Wednesday, October 21, 2015

The Insurance Question

The Germany trip is getting closer, and my to-do list is (slowly) getting checked off.  Some things are easy (get new gloves that don't smell like dead rats).  Some things are harder (get a haircut).  Why scheduling and actually getting a haircut is an insurmountable task for me, I don't know.  but it is.

Also on that list is getting my ducks in a row for an insurance policy that's ready to bind asap.

In all likelihood, even if we find a magical unicorn beast that we love, the deal will probably not be finalized until I'm back in the states. But if it is.... I want to have an insurance policy ready to bind.  Immediately.

Looming in the back of my mind is a friend bought a spectacular horse overseas only to have her arrive with a career ending suspensory injury.  Whether it occurred before or during transit, she'll never know, but the horse wasn't insured during travel and everyone was sad. 

You might remember that Prairie is also not insured.  Not ideal when dealing with soft tissue injuries... but formerly my "herd" was large enough that I consistently beat the annual premiums by paying my own vet bills and I have always carried a "rainy day vet fund" for emergencies.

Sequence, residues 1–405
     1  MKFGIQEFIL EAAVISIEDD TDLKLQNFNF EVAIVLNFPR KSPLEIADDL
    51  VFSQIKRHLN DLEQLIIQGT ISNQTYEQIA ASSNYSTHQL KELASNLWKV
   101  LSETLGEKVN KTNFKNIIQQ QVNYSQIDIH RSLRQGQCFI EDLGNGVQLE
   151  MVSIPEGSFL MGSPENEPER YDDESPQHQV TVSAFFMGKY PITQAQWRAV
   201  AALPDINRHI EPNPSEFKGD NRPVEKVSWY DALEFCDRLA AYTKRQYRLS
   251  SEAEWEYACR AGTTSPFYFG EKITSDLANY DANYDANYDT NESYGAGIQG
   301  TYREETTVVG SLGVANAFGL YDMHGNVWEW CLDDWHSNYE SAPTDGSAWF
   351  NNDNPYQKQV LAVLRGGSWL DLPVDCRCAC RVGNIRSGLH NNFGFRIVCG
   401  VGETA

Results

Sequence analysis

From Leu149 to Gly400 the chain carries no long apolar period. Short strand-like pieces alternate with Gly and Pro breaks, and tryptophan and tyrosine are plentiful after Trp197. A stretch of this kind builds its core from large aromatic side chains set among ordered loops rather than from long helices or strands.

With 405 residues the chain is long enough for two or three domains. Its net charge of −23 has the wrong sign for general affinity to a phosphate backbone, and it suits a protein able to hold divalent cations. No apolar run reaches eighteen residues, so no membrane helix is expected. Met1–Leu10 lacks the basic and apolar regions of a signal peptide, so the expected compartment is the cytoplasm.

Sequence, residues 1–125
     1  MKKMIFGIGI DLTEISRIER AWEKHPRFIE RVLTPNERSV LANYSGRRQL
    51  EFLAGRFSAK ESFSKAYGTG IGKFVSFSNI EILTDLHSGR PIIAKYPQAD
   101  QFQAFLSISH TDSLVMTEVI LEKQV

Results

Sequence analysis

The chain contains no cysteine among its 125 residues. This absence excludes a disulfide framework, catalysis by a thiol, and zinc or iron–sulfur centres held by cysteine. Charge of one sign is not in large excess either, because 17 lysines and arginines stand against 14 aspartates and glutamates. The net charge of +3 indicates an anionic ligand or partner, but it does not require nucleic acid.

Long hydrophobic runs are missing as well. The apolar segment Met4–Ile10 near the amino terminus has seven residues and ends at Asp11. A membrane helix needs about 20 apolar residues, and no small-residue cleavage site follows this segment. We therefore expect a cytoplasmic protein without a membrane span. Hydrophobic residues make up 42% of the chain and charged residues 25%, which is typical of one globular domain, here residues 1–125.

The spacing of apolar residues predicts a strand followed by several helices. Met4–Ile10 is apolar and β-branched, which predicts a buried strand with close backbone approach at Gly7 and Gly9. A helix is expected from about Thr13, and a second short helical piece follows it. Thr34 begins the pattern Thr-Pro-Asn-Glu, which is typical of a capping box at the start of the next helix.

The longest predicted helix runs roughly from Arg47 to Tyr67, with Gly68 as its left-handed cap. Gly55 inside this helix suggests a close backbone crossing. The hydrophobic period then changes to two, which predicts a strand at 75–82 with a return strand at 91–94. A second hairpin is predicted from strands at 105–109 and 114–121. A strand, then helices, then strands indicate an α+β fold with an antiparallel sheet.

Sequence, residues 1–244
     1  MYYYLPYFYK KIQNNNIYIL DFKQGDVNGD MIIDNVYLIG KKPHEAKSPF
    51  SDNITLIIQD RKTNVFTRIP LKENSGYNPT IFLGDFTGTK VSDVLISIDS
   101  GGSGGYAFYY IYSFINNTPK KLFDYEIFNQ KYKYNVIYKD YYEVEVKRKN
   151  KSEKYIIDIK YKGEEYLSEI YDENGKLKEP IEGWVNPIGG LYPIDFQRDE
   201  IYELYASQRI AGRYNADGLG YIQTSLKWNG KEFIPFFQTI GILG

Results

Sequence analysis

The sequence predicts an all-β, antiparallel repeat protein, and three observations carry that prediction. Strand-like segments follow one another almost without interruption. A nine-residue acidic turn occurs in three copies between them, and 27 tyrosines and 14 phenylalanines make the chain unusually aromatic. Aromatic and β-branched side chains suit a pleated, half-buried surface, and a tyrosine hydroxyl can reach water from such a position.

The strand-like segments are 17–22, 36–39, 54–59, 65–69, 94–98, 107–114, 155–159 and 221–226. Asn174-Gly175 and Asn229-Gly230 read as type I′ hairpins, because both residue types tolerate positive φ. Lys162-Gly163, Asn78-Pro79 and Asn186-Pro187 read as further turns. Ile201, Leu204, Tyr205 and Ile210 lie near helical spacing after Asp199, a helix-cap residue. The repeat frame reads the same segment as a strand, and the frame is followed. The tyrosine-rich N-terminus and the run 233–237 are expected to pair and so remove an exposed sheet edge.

Now, with a diminished herd of one, a potentially expensive horse purchase, and the taste of freshly written checks to the vet in my mouth - the new horse will for sure be insured. 

The question is - for what and how much.

How do I love thee, let me count the ways.... in dollars.

For those who haven't dabbled in the insurance realm, most horse owners are primarily concerned with acquiring major medical coverage.  Insurance companies are smart, and know that there is NO MONEY to be made betting on the chance that horses might stay sound (hahahahahaha), so medical coverage is only offered (to my knowledge) on top of mortality coverage.  So mortality becomes your primary policy, and medical is a box to check on top of it. 

Mortality seems to have a fairly standard going rate of 3.5% of insured value for a competitive sport horse (or $3,500 for a $100k horse). I'm using a $100k valuation because math is really easy that way. 

Medical is relatively cheap, and seems to vary from $400-$1000 depending on your state, co-pay and annual limit options.  in Washington, for a $100k horse, no co-pay, higher deductible and a $15,000 limit it is about $500.

However, since lots of owners seem to use mortality as a stepping stone to medical, many choose to under-value their horse in order to lower annual premiums.  Many I've spoken to operate under the assumption that while an accident resulting in death is not that likely.... budget crippling vet bills are almost a certainty.